AT&T Tries To Avoid Outages At SXSW Interactive Conference
On Friday, the major movers in the tech industry will gather in Austin, Texas, for the annual South by Southwest Interactive Conference.
Mobile service provider AT&T is working to ensure attendees won’t face the flaky service they experienced last year when a convergence of thousands of smartphone users strained the company’s wireless network to the point of breakage.
After several days of dropped calls and spotty service at last year’s event — not to mention bad publicity from the many bloggers in attendance — AT&T was forced to add wireless capacities in downtown Austin to deal with the problem.
“The demand we saw on our network during South by Southwest was unprecedented,” AT&T spokesman Mark Siegel said.
This year, AT&T, which is the exclusive mobile service provider for Apple’s iPhone, is implementing a new system for the five-day event, which ends March 16.
AT&T says it added temporary cell sites in areas expected to experience high call traffic. The provider also updated software to expand network capacity and will send a team of network engineers to monitor the service 24 hours a day.
“I suspect there will be even more iPhones at the conference this year,” said TechCrunch blogger MG Siegler. “There are at least a dozen location-based services planning big pushes at the conference this year, most of them are based around the iPhone. If AT&T fails again, these services might suffer from a failure to launch.”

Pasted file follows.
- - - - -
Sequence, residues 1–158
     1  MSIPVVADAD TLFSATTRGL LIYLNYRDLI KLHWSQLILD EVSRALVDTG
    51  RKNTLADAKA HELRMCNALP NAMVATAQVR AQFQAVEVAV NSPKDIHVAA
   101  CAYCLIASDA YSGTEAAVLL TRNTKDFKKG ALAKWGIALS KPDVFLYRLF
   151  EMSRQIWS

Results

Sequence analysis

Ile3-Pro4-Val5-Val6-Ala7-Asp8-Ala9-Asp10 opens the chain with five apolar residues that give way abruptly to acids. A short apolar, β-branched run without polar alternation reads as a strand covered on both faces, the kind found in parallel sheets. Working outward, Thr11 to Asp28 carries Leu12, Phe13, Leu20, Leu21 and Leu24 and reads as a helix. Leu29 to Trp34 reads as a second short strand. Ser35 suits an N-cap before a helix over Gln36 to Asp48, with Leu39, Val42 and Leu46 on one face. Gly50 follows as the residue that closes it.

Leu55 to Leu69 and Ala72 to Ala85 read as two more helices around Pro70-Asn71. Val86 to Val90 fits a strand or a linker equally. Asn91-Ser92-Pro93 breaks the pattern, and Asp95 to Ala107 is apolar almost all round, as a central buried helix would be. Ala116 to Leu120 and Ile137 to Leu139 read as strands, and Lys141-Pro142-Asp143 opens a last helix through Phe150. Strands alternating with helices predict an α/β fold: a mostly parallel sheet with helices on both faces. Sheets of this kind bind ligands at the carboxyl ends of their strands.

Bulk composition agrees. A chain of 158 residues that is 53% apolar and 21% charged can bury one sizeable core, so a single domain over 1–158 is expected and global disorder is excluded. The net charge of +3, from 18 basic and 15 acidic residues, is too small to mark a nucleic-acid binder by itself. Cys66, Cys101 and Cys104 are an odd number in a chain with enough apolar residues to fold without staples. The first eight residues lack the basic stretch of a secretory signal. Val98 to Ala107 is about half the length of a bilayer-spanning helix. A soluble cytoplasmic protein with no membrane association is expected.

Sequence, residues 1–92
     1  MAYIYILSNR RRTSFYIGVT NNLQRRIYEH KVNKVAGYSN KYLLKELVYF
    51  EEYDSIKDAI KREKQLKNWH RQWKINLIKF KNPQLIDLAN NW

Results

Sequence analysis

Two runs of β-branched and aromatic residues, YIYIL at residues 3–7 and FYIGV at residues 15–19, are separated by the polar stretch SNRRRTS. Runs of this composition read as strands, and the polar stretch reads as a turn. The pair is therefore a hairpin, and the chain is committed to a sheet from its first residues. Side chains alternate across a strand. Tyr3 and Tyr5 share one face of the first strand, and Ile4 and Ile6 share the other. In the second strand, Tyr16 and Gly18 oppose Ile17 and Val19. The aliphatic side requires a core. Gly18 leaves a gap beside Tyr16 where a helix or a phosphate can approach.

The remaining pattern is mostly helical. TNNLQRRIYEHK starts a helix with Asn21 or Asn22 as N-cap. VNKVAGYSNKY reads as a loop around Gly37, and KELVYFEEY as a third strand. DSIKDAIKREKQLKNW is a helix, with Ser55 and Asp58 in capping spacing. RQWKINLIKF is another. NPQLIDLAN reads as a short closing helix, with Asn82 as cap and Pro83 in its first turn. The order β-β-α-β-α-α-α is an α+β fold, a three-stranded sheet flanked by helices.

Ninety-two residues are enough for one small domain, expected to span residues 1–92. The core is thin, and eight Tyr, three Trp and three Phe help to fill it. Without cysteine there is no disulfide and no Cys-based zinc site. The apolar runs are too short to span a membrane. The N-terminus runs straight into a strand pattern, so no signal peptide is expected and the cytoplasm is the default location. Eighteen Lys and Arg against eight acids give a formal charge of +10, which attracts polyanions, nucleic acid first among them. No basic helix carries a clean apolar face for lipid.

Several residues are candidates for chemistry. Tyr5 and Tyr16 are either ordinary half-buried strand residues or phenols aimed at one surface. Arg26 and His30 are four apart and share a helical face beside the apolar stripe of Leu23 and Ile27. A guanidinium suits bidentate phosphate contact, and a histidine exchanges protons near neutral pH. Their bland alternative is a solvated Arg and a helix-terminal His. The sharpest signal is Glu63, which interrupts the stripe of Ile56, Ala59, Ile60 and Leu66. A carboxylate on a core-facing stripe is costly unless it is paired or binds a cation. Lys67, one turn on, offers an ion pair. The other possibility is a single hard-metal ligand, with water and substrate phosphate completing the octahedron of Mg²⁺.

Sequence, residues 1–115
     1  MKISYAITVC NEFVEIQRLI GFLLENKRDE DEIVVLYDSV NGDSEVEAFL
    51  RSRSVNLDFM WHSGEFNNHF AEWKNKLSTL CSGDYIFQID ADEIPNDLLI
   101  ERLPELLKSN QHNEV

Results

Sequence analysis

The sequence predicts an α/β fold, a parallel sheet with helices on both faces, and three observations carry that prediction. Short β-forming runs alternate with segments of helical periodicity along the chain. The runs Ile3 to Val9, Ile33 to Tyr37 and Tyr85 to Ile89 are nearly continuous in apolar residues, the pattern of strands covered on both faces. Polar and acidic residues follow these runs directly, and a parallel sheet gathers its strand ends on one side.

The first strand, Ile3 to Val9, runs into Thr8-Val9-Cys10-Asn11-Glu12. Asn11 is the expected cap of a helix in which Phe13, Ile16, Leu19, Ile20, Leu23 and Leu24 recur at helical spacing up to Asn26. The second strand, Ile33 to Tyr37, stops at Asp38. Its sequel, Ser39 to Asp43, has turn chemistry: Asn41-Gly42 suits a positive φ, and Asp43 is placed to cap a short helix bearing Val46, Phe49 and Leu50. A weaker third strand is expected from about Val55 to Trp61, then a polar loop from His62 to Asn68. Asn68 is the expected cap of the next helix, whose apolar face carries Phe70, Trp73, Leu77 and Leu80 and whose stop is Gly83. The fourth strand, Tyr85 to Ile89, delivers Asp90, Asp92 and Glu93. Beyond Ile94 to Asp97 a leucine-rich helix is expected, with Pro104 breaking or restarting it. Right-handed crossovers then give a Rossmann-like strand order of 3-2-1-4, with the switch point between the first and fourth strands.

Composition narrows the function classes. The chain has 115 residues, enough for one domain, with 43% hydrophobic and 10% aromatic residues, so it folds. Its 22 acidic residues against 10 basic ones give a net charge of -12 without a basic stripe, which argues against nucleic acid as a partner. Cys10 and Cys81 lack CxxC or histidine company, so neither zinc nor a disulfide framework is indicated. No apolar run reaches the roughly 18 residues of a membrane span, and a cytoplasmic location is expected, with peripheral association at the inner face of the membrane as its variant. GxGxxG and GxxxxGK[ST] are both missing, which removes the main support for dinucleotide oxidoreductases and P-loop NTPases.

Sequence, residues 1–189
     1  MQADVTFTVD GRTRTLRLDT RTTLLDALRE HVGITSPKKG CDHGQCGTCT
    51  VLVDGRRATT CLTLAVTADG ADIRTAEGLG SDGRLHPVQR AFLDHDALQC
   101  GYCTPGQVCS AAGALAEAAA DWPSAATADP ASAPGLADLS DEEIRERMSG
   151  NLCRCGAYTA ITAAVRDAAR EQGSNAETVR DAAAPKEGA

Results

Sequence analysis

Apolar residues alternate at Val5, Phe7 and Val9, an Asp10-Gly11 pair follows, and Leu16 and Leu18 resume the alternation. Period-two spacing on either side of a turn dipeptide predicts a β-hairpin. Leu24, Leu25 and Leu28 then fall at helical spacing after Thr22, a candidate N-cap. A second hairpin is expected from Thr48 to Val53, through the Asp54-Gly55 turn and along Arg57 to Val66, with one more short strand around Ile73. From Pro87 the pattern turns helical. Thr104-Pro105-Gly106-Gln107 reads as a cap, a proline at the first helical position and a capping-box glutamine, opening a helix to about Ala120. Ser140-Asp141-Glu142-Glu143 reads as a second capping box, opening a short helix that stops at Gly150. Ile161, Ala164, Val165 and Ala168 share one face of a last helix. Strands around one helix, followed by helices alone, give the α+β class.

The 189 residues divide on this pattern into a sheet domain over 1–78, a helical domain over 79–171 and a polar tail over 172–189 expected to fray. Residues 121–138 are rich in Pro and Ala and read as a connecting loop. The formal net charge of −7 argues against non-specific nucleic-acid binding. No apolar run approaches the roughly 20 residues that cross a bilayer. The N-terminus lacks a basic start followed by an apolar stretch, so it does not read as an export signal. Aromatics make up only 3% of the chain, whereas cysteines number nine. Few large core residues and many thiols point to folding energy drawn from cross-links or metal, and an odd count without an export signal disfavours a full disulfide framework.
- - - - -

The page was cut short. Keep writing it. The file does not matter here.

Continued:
The conference is known for debuting some of the world’s hippest Web sites, including Twitter and Foursquare.
“We’ve learned from last year, and we’ve taken very strong steps to help people have a better experience this year,” Siegel said, noting that AT&T has seen 5,000 percent growth in mobile data traffic over the past three years. That’s likely due to a surge in the iPhone’s popularity.
TechCrunch’s Siegler, who attended SXSW last year, said, “From my understanding, AT&T was simply crushed under the weight of how many iPhones there were at the conference. The problem seemed to be that iPhone users were using much more of the data pipeline than AT&T was used to in Austin, and they were unprepared.”
According to Josh Williams, founder of location-based networking service Gowalla, the lack of wireless service at the conference had ramifications for many tech companies. Gowalla, like other social networking services, relies heavily on cell phone and wireless use.
“It rained on the parade of many mobile application companies launching products at SXSW [last year],” Williams said. “It was difficult to go to a SXSW-related event in 2009 where the poor network quality was not a constant topic of discussion.”
This year, AT&T hopes to change that.